However you do it, follow the trail and the ruts for another mile or so until you the track opens up and you drop down through the brickwork of a disused railway bridge to meet the last gate before you come to the A433 with Tetbury to your left and Cirencester to your right at 1.1 miles. Take a breather – you’ve earned it!

Kemble Airfield


Cross the road and head towards Rodmarton, passing Rodmarton Farm and continuing all the way up to the first left turn towards Hazelton and Cherrington. Follow this road down to the fork junction, where you can pick up the Fosse Way again at 2.5 miles. It’s easy to miss the turning, but it’s a small entry into the lane on the right.  This lane is thankfully fairly rut-free and there are often some great puddles to blast through, but just keep an eye out for walkers and cyclists.

After a wooded section, the lane passes into more open country, but with bushes and trees lining the route it still needs some concentration. The route sweeps from left to right and there are a few rutty corners and low branches to catch you out even on a smaller bike. At 3.4 miles you cross over a small road for more of the same on tight and twisty lanes. With quite so much vegetation, any hope of keeping those plastics scratch-free need to have long gone, but hell, it’s an adventure bike!  Press on up the trail until you cross another road at 4 miles, entering on a bend, after just 50m it’s back on the trail all the way to 4.5 miles and then you need to stop.

Grassy Overgrown trail


So, at this point in the Fosse Way, there is a really deep and muddy puddle. There’s a hard surface underneath and it’s quite achievable to ride through, but your initial reaction will probably be: ‘Sod that!’. But it’s OK, look ahead, don’t enter too quickly, keep your revs up, cover the clutch and, crucially, don’t change sides halfway through unless you like getting really muddy!

There is evidence that other explorers, whether walkers, mountain bikers or even motorcyclists, have taken a route into the trees on the right, but clearly we can’t condone this, so ride through the mud and make sure your mates are on hand to laugh, photograph and then eventually help if things go wrong. Once out of the mud, the trail is really quite tight again and the central rut is the only option to avoid the greenery and make progress – it really needs a farmer with a hedge cutter to go through this lane to clear a path. Things eventually open up after half a mile or so and the trail drops down to the A419 between Brimscombe and Cirencester at 5.6 miles. Nearly done!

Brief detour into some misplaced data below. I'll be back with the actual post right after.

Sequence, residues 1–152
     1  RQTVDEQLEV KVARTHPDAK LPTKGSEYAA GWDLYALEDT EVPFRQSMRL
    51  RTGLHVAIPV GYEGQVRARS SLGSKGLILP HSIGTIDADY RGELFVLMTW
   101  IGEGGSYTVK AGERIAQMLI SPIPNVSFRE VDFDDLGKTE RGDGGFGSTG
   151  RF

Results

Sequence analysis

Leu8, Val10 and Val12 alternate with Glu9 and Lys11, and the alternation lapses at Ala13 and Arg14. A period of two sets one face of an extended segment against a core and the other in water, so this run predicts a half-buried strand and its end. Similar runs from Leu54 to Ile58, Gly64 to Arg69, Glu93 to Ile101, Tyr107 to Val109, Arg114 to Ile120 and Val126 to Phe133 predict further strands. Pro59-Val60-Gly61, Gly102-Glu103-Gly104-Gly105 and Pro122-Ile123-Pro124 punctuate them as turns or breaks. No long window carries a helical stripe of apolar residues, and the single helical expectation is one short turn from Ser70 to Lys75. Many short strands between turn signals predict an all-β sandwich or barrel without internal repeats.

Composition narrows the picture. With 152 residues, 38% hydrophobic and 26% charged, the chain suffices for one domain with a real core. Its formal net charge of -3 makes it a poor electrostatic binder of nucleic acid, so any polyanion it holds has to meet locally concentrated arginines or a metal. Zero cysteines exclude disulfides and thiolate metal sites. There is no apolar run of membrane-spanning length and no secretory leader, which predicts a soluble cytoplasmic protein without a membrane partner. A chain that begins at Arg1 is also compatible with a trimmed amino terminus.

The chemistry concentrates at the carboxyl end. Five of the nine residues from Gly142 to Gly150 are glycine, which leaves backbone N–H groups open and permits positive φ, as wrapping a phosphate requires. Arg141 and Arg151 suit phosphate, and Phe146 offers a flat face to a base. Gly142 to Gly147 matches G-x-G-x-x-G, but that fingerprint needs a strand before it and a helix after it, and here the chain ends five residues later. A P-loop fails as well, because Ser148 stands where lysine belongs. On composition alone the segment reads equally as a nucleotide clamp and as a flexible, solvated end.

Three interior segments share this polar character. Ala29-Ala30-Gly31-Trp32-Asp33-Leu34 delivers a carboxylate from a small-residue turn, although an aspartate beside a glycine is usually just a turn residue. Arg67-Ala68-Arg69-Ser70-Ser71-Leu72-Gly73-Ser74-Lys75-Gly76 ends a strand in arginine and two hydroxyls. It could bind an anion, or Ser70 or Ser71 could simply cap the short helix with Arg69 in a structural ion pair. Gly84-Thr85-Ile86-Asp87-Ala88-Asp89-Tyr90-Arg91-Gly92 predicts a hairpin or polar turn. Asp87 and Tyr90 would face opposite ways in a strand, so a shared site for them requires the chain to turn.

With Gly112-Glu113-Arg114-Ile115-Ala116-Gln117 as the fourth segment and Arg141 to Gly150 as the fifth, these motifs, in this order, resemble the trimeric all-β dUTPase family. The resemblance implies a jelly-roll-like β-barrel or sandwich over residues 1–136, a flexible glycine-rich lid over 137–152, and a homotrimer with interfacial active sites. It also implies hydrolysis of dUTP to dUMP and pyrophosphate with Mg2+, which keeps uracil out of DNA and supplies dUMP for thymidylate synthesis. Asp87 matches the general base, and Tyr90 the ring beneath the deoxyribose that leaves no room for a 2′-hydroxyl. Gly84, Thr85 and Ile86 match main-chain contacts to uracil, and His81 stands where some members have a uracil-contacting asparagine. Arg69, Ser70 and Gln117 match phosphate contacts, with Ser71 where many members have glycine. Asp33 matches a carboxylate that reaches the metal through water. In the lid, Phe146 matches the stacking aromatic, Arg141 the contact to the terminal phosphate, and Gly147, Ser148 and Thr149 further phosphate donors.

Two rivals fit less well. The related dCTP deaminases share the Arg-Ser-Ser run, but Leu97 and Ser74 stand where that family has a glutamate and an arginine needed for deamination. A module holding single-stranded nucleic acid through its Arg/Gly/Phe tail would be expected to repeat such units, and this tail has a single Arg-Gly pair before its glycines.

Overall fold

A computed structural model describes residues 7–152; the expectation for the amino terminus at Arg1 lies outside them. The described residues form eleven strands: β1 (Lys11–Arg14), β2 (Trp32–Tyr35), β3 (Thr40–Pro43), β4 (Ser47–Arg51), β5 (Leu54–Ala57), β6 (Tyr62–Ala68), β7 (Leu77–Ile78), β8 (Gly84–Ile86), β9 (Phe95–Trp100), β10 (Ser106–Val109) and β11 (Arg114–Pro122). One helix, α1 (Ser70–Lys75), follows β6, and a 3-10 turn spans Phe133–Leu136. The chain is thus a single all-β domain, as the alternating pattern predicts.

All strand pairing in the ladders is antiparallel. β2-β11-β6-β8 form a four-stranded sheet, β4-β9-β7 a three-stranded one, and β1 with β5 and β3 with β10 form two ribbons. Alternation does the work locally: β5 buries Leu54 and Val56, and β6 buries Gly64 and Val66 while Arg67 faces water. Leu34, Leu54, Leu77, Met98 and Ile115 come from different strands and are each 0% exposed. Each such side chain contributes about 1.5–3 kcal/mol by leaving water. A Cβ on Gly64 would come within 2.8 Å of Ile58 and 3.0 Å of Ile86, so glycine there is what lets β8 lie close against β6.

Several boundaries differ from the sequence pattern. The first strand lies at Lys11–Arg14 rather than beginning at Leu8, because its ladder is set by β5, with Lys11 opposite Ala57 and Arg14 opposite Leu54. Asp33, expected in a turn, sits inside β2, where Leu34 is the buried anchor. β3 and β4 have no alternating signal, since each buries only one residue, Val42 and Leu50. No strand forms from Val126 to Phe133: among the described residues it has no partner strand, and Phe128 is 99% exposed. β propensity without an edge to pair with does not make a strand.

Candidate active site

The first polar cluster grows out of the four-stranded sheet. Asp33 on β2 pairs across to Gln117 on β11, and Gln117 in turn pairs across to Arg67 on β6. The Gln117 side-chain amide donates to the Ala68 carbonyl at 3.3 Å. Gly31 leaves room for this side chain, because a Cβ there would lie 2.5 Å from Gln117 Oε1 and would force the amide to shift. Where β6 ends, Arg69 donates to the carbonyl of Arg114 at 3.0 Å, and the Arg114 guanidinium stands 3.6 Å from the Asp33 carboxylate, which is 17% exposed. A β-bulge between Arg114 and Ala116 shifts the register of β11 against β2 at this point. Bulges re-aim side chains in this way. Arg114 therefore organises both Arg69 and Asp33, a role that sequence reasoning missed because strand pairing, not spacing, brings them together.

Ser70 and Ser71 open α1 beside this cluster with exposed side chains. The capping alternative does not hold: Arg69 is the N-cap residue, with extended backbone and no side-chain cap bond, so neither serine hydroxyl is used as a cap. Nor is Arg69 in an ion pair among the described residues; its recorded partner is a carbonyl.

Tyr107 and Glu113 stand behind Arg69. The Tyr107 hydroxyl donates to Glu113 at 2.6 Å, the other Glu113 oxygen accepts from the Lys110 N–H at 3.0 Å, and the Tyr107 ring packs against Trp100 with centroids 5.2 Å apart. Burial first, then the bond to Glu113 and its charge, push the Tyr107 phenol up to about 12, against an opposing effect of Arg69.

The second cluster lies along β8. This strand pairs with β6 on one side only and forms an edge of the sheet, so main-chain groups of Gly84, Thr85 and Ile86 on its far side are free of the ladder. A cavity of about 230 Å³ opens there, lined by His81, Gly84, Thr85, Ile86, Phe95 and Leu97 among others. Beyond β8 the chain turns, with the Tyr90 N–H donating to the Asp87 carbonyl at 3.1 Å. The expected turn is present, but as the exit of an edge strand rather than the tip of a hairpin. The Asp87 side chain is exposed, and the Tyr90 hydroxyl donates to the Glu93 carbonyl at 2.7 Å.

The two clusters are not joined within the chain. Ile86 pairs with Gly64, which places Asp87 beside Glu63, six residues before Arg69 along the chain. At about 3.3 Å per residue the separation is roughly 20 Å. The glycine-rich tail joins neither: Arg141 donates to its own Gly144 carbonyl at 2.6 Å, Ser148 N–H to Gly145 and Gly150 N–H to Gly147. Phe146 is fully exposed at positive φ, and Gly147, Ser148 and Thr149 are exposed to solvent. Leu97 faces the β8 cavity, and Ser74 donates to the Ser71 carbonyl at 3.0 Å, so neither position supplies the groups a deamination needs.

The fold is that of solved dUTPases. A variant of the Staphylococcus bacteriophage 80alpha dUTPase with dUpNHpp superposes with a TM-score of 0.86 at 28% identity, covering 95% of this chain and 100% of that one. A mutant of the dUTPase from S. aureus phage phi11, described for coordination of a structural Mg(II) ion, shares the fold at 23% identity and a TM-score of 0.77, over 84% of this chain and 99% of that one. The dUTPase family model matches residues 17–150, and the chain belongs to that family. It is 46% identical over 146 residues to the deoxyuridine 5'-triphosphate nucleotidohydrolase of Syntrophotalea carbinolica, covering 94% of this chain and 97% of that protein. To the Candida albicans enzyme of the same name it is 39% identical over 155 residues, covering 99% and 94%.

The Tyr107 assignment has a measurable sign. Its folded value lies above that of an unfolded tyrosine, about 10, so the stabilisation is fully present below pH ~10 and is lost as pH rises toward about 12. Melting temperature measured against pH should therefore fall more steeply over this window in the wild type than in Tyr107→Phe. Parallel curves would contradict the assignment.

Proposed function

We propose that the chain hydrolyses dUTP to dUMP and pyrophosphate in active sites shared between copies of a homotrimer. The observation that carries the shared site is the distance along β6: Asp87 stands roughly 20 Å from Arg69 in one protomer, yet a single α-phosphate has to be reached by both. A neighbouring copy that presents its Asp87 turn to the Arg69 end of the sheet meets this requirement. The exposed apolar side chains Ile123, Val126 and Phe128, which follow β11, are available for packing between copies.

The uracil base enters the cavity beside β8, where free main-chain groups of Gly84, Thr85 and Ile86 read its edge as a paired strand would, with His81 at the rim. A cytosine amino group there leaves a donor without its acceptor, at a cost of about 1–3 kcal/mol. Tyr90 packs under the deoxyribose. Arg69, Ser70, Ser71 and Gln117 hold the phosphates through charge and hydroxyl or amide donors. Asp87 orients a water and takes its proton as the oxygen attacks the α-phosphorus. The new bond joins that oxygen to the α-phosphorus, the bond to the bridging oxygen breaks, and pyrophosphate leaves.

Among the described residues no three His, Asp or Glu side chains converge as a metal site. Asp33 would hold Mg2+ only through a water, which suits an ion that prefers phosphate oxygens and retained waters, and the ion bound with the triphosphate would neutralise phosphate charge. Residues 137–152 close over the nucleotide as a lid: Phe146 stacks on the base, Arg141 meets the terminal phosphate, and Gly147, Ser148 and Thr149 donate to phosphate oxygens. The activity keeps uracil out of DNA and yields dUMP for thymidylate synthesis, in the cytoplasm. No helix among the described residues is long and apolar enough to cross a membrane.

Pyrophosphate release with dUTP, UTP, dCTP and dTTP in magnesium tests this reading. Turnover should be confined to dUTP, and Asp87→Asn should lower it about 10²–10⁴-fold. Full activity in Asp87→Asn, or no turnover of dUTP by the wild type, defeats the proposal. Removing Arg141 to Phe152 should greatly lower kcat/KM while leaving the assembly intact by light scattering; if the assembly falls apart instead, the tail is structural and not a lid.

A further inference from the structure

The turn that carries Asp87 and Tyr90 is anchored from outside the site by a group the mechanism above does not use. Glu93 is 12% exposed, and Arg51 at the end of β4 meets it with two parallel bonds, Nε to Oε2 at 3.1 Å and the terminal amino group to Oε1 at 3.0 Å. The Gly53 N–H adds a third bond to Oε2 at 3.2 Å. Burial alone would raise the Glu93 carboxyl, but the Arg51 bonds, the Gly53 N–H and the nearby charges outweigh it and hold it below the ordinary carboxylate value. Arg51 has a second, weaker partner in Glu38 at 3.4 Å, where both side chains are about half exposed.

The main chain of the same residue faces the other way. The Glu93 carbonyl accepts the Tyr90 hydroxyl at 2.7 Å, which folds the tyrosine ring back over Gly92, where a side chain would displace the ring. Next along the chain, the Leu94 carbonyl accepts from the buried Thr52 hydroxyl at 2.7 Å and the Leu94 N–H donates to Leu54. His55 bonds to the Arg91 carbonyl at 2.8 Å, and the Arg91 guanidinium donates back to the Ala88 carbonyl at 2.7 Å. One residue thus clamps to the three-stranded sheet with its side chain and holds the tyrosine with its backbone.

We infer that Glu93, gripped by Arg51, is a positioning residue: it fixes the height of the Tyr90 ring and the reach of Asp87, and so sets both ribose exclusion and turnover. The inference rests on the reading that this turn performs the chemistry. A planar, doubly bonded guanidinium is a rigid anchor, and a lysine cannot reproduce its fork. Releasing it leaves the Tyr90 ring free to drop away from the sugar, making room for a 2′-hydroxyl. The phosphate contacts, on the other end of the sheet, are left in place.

Muddy Ruts


The Facts
Distance: 7.1 Miles
Nearest Town: Cirencester
Maps: Explorer 168
Start/End Grid reference: ST 946 952 / SO 938 034
Difficulty Rating: 4
Wow Factor: 4
Other Trails: Plenty in the area and some real beauties.

We are on the final stretch now, but be careful here as it’s a fast road. You go right for 20m and then re-join the trail as it climbs up into more woods. As you drop down from the high point there are two big puddles and, ideally, you should cross them on the right as they are shallowest there. You really don’t want to drown your motor so close to the end. After that, there’s nothing more to worry about as you complete the final trail section to bring you to the road at 6.1 miles.

Turn right and then take the next left towards Edgeworth and Bisley, passing through the tiny village of Sapperton and following the road down the hill. At the bottom, The Daneway pub is your endpoint and a cooling beverage awaits. Perfect. While you enjoy the drink, you now need to decide whether you have had enough or want to retrace the whole route on the way back. Or maybe you could investigate that trail you just passed before the pub – that one’s a corker!

Perfect place to end a day on the trails